Monthly Archives: September 2015

Dr. Michael Henry, the “shock doc,” where is he now?

I heard, or read, that Michael Henry, McLean’s “shock doc” went out of state. I figured he was escaping a lawsuit. God knows he shocked so many people that you figure someone must have managed to get a lawyer at at least try to take legal action. You can read my own ECT story on You-Tube…By the way, ECT should stand for Electroshock Torture.

I am currently listening to the Lauren Tenney show, Talk With Tenney. This is one I highly recommend, by the way. Lauren has a number of guests on tonight who have had Electroshock Torture.

Yes, I know it’s barbaric. But they’re still doing it, making tons of money, destroying brain cells and walking away free.

Know something? They really do put an awful lot of electricity into people’s brains when they do that. It’s about the same as being struck by lightning or an electric shock you might get at home.

So, I think tonight if Puzzle seems a little sluggish, I’ll just stick her tongue into an electric outlet. No, there’s no alternative. No other cure. No, I didn’t consider that she’s probably asleep (don’t worry, she is sleeping soundly, and I’m only kidding about the electric outlet).

Do you know that anyone who does that will go to prison for animal cruelty? Yet shock docs are rarely prosecuted, but they get highly paid. Yes, paid to torture people.

So here’s what I found just now. And I quote:

Massachusetts General Hospital is a leading specialty center for electroconvulsive therapy (ECT). Directed by Michael E. Henry, MD, the Somatic Therapies Service plays an active and important role in the clinical care of many treatment refractory patients.

Electroconvulsive Therapy (ECT)

The service treats hundreds of patients annually on an inpatient and outpatient basis, utilizing ECT for a number of psychiatric conditions. Yes, that means a lot of profit, Dr. Henry. Given MGH’s superior anesthesia and medical support, we serve as a tertiary referral center for seriously ill patients requiring ECT treatment. They need the anesthesia since without it a person will have a violent seizure and convulsions. They also administer muscle relaxers and pain relievers. So they can torture and you won’t even know it. Not to different from date rape.

CONTACT USElectroconvulsive Therapy

Warren Building
55 Fruit St.
Boston, MA 02114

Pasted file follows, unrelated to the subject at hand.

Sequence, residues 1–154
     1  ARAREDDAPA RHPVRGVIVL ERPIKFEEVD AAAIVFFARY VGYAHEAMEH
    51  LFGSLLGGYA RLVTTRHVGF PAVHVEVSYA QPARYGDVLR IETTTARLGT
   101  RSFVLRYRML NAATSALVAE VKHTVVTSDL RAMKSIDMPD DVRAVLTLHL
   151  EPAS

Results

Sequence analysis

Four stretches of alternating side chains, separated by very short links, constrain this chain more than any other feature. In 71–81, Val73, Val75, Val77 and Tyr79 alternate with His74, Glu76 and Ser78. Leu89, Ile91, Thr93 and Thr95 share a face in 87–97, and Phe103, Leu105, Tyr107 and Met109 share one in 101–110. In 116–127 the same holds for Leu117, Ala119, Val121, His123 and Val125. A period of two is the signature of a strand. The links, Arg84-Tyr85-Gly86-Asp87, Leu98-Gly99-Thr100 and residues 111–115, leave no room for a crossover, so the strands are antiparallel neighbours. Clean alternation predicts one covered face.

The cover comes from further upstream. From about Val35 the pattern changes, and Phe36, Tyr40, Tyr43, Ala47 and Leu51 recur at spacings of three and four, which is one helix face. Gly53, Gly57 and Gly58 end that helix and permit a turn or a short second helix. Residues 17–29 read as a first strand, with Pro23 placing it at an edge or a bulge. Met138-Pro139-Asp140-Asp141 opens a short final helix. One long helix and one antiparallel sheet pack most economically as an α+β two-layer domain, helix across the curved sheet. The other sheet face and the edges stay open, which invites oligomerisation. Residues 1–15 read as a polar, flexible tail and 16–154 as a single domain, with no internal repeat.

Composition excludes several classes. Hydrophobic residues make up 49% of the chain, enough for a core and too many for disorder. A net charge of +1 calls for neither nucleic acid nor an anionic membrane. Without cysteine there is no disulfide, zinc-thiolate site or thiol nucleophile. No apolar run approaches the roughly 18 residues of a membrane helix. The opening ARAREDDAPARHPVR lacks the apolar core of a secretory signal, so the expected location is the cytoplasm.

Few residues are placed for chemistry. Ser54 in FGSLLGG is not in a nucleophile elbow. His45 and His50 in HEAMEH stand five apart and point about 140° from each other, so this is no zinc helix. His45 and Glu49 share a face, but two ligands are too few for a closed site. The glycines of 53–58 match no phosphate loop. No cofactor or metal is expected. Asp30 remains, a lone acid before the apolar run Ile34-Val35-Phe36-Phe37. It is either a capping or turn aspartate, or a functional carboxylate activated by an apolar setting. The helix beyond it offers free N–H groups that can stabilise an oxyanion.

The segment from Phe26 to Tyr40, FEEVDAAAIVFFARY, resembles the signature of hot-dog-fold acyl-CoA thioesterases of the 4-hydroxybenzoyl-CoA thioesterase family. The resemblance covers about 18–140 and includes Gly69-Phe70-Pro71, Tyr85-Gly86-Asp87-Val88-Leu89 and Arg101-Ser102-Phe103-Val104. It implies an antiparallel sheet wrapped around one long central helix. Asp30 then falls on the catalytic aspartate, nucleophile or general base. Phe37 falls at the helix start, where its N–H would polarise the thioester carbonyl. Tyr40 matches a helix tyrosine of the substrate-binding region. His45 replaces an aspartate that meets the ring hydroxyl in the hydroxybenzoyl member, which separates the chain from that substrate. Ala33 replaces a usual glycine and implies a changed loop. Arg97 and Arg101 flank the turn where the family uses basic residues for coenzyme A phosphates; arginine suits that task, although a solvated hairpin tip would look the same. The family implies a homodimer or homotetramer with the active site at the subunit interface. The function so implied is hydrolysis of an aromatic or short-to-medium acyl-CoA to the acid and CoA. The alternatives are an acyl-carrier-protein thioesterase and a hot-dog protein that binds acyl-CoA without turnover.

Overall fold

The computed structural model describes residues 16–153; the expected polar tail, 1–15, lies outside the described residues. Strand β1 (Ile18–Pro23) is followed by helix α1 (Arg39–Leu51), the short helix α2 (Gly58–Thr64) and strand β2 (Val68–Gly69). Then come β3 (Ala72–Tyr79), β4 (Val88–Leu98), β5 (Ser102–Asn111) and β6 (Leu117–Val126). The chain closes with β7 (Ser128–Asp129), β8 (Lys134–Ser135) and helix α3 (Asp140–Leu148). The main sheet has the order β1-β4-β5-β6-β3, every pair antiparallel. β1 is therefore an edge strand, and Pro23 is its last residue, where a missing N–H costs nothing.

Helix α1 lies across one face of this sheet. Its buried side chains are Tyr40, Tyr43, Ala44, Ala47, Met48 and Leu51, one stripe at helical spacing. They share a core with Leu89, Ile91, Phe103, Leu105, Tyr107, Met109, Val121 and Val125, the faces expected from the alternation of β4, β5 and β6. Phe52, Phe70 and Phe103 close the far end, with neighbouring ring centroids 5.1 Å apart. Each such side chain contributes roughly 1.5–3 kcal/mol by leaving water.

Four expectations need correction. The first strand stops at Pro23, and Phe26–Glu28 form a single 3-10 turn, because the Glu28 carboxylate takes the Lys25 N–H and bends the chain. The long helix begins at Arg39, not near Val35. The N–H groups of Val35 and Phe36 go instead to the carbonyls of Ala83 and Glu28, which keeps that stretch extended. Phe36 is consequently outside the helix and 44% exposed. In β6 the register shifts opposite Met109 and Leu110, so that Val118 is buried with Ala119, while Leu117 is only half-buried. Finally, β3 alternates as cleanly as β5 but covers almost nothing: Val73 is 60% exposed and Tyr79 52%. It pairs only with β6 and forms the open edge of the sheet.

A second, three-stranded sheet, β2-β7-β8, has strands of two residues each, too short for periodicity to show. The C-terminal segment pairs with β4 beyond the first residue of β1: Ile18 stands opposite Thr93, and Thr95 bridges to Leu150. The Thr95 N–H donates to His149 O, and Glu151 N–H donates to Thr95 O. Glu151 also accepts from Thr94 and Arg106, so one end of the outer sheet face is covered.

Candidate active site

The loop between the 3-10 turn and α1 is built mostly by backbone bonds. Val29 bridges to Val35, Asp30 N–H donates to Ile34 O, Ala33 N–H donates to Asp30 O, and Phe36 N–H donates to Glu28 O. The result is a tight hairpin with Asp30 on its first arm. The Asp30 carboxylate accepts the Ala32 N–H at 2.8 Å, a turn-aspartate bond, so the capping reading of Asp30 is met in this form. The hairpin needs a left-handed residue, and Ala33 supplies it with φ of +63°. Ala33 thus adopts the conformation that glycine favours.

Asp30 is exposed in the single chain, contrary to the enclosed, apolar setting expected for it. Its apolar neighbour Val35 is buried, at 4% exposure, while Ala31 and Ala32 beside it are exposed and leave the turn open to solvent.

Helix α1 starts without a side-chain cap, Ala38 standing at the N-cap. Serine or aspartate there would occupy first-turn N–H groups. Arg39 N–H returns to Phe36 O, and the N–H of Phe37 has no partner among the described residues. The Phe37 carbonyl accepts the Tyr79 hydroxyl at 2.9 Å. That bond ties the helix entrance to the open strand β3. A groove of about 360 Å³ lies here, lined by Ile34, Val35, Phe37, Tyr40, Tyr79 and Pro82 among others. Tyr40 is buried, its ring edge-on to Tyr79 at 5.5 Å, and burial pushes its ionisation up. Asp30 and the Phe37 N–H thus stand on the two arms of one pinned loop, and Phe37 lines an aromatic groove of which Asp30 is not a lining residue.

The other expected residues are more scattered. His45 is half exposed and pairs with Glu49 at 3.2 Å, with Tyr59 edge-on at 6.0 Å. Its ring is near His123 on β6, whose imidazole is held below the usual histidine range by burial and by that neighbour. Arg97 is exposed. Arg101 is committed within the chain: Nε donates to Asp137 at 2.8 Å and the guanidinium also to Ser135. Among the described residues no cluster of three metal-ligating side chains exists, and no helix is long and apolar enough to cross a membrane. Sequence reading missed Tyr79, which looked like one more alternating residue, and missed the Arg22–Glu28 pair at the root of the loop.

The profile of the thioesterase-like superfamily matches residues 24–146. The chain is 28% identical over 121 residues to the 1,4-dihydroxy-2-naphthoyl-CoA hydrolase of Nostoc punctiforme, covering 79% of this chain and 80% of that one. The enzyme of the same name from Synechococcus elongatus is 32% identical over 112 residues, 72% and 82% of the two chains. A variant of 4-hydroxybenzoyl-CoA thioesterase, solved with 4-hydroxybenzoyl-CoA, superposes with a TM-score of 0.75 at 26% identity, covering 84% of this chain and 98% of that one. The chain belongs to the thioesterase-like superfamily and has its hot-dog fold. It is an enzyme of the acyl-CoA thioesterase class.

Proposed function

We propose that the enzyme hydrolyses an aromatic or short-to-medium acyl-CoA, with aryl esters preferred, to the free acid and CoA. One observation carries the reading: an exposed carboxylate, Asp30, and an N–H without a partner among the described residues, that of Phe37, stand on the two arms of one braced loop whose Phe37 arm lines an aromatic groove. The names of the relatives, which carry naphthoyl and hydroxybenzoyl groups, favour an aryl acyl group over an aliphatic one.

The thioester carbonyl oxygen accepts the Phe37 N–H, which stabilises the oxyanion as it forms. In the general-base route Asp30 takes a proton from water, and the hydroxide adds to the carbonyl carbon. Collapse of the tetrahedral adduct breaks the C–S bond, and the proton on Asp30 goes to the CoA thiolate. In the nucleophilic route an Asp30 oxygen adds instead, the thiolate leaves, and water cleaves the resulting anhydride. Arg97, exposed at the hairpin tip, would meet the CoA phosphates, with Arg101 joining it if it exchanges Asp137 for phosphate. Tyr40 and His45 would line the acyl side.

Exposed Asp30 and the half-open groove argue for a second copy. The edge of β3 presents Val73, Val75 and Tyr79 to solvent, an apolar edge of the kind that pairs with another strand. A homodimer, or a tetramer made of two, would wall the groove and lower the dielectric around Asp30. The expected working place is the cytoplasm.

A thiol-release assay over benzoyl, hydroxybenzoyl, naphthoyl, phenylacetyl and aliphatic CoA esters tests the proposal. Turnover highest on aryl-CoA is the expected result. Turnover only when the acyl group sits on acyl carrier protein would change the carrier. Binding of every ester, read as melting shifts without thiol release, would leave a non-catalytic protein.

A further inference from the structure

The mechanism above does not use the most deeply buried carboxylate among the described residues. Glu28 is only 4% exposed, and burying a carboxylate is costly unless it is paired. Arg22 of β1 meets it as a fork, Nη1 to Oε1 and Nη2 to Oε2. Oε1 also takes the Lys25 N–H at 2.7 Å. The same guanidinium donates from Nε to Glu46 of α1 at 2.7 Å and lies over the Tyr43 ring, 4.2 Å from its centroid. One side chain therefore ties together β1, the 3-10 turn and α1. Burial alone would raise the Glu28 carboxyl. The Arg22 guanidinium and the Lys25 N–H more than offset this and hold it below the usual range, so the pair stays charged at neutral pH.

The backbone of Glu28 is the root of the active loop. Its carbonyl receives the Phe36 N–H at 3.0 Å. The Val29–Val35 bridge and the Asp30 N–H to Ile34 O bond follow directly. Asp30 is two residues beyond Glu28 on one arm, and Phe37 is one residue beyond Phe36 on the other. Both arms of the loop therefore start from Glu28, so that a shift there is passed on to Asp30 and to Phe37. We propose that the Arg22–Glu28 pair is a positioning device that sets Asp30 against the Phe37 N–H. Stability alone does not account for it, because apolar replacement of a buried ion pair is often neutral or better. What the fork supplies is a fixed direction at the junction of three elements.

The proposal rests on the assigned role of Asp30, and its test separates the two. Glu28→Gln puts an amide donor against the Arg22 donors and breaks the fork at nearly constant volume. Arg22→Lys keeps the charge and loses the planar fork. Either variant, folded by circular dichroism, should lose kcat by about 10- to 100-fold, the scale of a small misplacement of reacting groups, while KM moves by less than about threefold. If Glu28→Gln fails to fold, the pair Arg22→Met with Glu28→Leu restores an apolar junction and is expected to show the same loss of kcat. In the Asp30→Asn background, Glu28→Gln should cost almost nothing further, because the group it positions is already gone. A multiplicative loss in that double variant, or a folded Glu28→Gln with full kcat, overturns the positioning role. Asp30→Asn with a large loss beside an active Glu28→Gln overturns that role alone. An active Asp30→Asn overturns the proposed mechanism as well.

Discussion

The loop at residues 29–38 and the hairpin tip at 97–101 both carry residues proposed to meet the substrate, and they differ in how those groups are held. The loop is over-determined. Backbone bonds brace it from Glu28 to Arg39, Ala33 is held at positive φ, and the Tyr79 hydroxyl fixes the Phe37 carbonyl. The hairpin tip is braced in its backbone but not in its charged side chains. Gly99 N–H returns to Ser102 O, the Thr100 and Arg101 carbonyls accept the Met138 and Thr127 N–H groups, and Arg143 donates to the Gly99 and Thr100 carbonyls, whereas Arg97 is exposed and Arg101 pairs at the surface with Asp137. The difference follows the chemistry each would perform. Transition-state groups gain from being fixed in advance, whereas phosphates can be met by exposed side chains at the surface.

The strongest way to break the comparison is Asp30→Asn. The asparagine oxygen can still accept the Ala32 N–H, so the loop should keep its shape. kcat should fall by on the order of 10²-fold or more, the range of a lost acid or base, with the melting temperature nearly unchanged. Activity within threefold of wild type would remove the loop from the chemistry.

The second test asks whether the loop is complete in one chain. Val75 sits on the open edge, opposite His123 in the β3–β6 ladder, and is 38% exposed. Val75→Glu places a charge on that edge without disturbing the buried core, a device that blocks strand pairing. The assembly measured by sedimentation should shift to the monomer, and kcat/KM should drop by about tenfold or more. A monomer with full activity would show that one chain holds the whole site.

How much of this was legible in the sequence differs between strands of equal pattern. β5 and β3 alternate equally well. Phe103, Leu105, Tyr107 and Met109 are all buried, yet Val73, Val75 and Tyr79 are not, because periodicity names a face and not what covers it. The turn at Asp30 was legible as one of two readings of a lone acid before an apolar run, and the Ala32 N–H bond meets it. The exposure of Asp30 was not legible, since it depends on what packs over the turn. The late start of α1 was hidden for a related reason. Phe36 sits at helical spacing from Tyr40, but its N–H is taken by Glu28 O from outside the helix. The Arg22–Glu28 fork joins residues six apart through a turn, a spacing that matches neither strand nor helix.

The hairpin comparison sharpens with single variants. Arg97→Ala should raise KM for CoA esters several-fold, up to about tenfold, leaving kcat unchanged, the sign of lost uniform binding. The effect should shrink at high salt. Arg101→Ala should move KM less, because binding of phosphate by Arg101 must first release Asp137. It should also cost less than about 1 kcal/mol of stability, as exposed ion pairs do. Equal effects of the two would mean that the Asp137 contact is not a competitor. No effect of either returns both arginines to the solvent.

Phone: 617-726-2990

Maps & directions

What is Electroconvulsive Therapy?

ECT is a safe and very effective treatment for certain psychiatric disorders. ECT is most commonly used to treat patients with depression, which can be a painful and disabling illness. In addition, ECT may also be used to treat patients with psychotic or manic symptoms. They are widening the umbrella of “mental conditions” that EC Torture treats. To make more money.

For various reasons, ECT has a social stigma attached to it. Some popular movies depicting psychiatric patients receiving ECT have created a negative public perception of this therapy. It’s not therapy. And the movies are rather realistic.  Kinda shocking, huh?  Ask a shock survivor.  Consequently, some people react with fear when ECT is suggested as a treatment. In the fall of 1995, yes, that was my reaction. A vehement “no.”  Although ECT was introduced in the 1930’s, the technique has been continuously refined and improved. And still, they don’t really know how it works and they are continuing to experiment on live humans. Again, if I did that to my dog, I’d go to prison.  As it is currently practiced, ECT may be the safest, quickest, and most effective treatment for moderate to severe depression. Nope. Neither safe nor effective. Any “good feeling” after EC Torture is due to brain damage. A TBI typically does produce euphoria for a while afterward. When the euphoria wears off, they send you in for more shock.

How does ECT work?

During ECT, the brain is stimulated by a small amount of electrical current. Note: The exact voltage isn’t specified, is it? The electrical current produces a modified seizure (It’s a real seizure, but the patient is under anesthesia, remember?), which affects the entire brain, including centers that control mood, appetite and sleep. Researchers believe that ECT corrects the biological abnormalities that underlie severe depression. They aren’t targeting anything. Not any particular part of the brain. In fact, it’s just as much guesswork as the old dude with degrees on his wall.  More than one treatment, however, is needed to achieve these positive effects. An average of six to ten repeated treatments (also referred to as a “series”) is needed in order to achieve sustained improvement. BTW, I don’t know one person who “got better” from ECT.  In spite of, yes, but not from the actual treatments. More than 80 percent of depressed patients who receive ECT respond favorably Yeah, for three weeks due to the brain damage. Following a course of treatment, patients feel more like themselves again many don’t and are able to work and lead productive lives Never mind the thousands of people who have to STOP working and go on disability. Often, family members, doctors, or nurses may notice improvement before the patient. Nope, my boyfriend and my entire family objected. I was the one so “out of it” that I couldn’t even say anything. After completing a successful ECT course with significant resolution of depressive symptoms, one will need to continue taking an antidepressant or receive maintenance ECT, in order to remain well. So, that kinda proves it, huh? ECT doesn’t make anyone better, they gotta be on brain disabling pills for the rest of their lives. Gee, that’s a nice way to do away with people that are inconvenient, eh? They damaged me so much that they were actually embarrassed, so they tried to hide me away in a state hospital. Do you remember that, Dr. Henry? I sure do.